A few weeks ago, I spent a nice afternoon shopping with Kim and Emmy. Three generations together celebrating Kim’s birthday. The day reminded me of shopping trips I took with my mother and grandmother when I was single, and with my mother and Kim later. It was also a wakeup call to remember we’re only granted a certain number of days in life. Now in my fifties, my own mortality is glaringly real—a reminder of how quickly we move from being the youngest in a family circle to the oldest, and the need to treasure each moment and make them count.
I remember the days when my mama and grandma and I went shopping together. We would often pick a store and fan out like Butterflies among flowering bushes in warm weather. We’d meet up and discuss what or who we saw, the things we bought. This was a long time before texting and cell phones. Sometimes we’d stop by Baskin-Robbins and indulge in Triple Delight Sundaes. The ride to and from the stores, we lived in a rural area, so we shopped in a nearby city, was the best because of being together and the conversations we had.
As strong-willed as I am, I sometimes grew weary of their advice, and I didn’t appreciate what they had been through, those difficult experiences that made them who they were. Since those days, I’ve learned I come from a long line of strong women who faced and lived through harsh times.
My grandma suffered through a very difficult experience as a young child, the kind that would cripple a lot of folks, male or female. Later, she and my granddaddy worked hard, lived off the land, and made it through the Great Depression. She had much wisdom to share.
And Mama, a widow who also lost a child before I was born, she raised three children alone. She faced tragedies and failures, but she never lost her faith or her smile. Mama was my best friend. She taught me to fight, to keep the faith, although I have struggled with that one since Dan died, but it is still intact.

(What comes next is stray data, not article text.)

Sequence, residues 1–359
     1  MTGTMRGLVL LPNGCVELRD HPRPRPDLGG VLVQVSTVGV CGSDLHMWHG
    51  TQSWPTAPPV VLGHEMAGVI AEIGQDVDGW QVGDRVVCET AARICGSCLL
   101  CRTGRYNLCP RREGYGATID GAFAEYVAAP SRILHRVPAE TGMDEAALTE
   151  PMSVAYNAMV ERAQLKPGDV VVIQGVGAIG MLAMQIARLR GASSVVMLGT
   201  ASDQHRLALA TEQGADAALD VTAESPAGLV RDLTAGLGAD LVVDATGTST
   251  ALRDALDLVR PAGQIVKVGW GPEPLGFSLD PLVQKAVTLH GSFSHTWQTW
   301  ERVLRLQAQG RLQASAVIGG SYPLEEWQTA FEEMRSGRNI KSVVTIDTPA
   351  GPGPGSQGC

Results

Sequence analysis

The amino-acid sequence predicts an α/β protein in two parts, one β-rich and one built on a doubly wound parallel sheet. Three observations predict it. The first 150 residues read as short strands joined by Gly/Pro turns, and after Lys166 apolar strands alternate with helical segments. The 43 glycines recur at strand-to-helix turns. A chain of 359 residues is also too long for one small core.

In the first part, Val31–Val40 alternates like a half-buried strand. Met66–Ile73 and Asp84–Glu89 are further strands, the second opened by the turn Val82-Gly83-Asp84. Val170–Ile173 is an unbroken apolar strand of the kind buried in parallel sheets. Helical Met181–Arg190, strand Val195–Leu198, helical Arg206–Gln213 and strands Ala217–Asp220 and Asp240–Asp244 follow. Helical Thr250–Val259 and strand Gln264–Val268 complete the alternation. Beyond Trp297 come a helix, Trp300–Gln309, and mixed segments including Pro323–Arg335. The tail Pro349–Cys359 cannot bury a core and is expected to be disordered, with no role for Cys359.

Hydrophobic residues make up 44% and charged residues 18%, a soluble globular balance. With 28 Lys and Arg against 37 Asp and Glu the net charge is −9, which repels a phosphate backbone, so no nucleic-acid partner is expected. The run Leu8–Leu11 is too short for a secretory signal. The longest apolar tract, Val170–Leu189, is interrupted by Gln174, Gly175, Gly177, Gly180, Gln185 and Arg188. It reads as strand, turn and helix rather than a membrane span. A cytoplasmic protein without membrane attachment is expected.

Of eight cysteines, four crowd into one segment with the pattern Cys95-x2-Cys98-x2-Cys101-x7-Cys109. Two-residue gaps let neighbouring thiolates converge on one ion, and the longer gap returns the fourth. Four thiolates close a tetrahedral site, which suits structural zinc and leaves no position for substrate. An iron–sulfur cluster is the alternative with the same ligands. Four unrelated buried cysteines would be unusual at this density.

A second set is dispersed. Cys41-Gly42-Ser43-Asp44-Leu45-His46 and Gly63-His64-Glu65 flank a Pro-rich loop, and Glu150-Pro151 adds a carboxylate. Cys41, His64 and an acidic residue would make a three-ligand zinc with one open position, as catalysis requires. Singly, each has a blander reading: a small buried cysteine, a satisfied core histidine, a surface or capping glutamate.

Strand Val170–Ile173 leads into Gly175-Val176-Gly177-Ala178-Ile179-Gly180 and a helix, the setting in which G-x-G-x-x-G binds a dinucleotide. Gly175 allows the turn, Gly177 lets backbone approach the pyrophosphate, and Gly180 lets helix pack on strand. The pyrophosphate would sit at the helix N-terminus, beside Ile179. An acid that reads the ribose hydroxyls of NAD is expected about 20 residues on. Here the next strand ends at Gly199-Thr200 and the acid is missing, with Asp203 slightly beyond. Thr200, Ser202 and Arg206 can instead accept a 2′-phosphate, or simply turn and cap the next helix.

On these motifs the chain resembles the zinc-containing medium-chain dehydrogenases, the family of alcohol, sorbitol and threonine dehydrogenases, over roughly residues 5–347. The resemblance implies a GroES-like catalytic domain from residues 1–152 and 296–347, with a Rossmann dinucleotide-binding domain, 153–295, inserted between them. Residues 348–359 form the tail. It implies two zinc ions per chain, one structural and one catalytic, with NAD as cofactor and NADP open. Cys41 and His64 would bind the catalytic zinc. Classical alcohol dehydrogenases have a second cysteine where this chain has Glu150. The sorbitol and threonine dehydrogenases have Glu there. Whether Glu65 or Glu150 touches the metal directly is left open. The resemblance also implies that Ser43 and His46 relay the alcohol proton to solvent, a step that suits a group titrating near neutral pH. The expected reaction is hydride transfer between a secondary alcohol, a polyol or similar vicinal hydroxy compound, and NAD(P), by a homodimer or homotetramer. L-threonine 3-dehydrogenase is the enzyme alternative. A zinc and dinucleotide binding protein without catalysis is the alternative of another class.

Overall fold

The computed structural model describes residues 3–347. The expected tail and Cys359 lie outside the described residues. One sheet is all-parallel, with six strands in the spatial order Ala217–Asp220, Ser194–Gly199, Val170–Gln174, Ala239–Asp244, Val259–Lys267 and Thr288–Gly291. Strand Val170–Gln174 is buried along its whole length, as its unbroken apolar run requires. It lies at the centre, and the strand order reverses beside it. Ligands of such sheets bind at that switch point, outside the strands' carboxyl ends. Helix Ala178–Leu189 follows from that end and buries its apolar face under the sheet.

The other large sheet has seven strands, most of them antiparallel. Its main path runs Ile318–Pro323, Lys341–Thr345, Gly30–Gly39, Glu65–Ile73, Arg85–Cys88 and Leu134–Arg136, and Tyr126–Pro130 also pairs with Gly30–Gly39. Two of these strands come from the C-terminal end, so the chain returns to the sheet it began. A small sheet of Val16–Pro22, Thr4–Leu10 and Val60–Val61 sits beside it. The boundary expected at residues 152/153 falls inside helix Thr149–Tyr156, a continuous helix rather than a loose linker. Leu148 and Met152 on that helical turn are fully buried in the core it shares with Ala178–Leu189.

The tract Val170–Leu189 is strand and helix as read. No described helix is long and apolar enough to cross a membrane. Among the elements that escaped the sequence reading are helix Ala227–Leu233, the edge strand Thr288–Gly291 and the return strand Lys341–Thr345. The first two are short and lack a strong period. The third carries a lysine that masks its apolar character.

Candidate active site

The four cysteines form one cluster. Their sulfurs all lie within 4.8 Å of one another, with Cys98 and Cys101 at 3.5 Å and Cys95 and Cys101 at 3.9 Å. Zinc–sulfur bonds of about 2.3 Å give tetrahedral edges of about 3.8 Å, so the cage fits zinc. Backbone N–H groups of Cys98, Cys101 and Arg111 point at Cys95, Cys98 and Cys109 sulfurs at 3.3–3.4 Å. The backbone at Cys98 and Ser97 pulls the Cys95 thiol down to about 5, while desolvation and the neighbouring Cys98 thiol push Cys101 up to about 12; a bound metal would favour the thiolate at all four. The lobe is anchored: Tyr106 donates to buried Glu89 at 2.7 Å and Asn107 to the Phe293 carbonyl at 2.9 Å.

I remember shopping with Mama and Kim, from Kim’s baby years until her mid-teens. Those were happy years. Mama and Kim were so close. Mama died when Kim was fifteen, and it saddens me when I think she didn’t live to see Kim graduate from high school or college. At her Nursing pinning ceremony when Kim walked across the stage, I fought back tears to keep from embarrassing myself, but I knew Mama was looking down at the scene, so proud.
Yes, we were like Butterflies. Only I realized as I grew older and understood more, the older Butterflies in our little family possessed backbones made from titanium. They shared their struggles with me, and it’s now my job to pass on their stories of survival for future generations.
Thinking back on these days is like I’m there with them, I blink, and they’re gone. Time zooms by, waiting for no one. We can’t relive moments, we can only remember them.
Time has turned the pages, and now I’m in the elder role. It’s me who walks a little slower, gives out quicker, but ready to dispense motherly advice, solicited or not, at any time. Someday it’ll be my turn to fly away and join my mother and grandmother. Before that day happens, and I pray it’s no time soon, I want to, like Jack Dawson said on Titanic, “make each day count,” only I’m going to reduce it down to a smaller scale; to making each second matter.
On the way home that afternoon I thought about those special times, and the memories we’re making now. Yes, I plan to make each second count. We should all do that because as the old saying goes, life can change on a dime. Enjoy every minute. Happy Mother’s Day!
© Dee Hardy | Encouraging the Discouraged, 2016. All rights reserved